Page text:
My Dog-Pig

Hi all,
This is my first post on these forums. I’ve only been using Blender for a week, so I’m still a complete n00b!:o Just thought I’d share a project I’ve been working on. It’s a dog-pig thing(I’m not very artsy, as you can see!) and I’m quite proud of it, as a first work in Blender. I think I got the body done quite nicely, but the head, eyes, and jaw still need a lot of work. Obviously texturing, lighting etc. still need to be done.
What do you think of it?


Well… I guess that’s quite a nice dog…er…pig :slight_smile:

Try smoothing your character instead of using solid. In edit mode, select all by press W and then set Smooth.

Also try to put sockets for the eyes instead of just balls on top of the head.

I would also suggest extruding the front paws a bit towards the bottom and then match the back paws with it.

Other than that - welcome! :slight_smile:

you need to scale the two verts at the back of its shoulders. also ether have no indent by the eyes or add actual sockets(extrude indevidual face scale down by indevidual centers then repeat to form actual socket)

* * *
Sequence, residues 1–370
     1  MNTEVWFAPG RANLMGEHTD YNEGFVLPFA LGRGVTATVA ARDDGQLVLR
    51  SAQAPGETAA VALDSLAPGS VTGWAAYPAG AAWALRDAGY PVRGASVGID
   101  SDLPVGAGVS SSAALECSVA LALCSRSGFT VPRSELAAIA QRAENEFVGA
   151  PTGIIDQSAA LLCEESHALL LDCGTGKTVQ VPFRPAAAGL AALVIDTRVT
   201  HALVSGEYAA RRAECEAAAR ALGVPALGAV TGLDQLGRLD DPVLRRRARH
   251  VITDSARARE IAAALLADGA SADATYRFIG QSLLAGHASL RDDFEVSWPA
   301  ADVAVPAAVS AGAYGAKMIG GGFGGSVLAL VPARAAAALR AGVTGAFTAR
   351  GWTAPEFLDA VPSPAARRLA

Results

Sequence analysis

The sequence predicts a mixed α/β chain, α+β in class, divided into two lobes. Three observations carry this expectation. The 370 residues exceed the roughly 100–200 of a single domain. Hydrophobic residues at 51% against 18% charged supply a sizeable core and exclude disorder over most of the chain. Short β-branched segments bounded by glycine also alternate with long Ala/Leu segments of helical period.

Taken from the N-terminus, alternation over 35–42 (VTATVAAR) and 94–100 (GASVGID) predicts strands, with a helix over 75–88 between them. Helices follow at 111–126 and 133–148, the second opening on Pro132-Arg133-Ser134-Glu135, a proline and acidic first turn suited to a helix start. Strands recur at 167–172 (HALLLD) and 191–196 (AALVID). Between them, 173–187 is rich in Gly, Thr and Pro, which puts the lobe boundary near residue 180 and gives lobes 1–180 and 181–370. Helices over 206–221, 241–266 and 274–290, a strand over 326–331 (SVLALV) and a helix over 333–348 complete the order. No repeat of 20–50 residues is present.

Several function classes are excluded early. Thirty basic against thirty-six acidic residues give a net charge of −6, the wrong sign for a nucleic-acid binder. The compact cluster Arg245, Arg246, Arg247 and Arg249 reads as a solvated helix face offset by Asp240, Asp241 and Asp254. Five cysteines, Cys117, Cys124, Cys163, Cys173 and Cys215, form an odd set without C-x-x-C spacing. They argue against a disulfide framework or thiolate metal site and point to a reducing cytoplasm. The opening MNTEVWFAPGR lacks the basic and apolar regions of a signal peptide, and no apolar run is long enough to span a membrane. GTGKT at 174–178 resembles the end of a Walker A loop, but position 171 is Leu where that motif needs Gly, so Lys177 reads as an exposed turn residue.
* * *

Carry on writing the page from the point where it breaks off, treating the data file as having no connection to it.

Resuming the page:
You’re off to a good start, but let me give you a few modelling suggestions. When you are modelling with a low poly cage, as you are doing, it’s best to use quads instead of triangles. Most of the time, details should be added, not by subdividing a localized area, but by making loop cuts, and extruding. There’s a thread in basics and interface that I started called ‘modelling techniques and strategies’, that is kind of old, but it covers alot of basic modelling know how. It goes into depth on the quads vs tris issue a few pages in. There are many new tools and means at our disposal with recent versions, that weren’t covered in the thread, since they didn’t exsist at the time, but one thing, you’ll definately want to check out, which is not covered, is the sculpt brush. But , to get the full benefits of the sculpt brush, it’s good to know how to make a nice solid base mesh, out of quads. Also, you’ll want to try out ‘multires’ which is like subsurfacing, only when you go up in multires levels, the vertices become denser, and so, can be manipulated, by regular modelling techniques, or the sculpt brush, on a fine level. And the great thing about it, is, if you need to make general changes to your model, you can go back to a low multires level, make some changes to it as a low poly model, and then go back up a couple of levels, and the high polly version will reflect the changes you made at the low level. I hope that’s not too much information, anyway, it’s all explained in the release notes. It’s always a good idea to familiarize yourself with the release notes for all versions, just to get an idea of all the stuff blender can do, and get some basic documentation on it. You can get to the release notes using the same link, on the homepage, that you would click to download blender.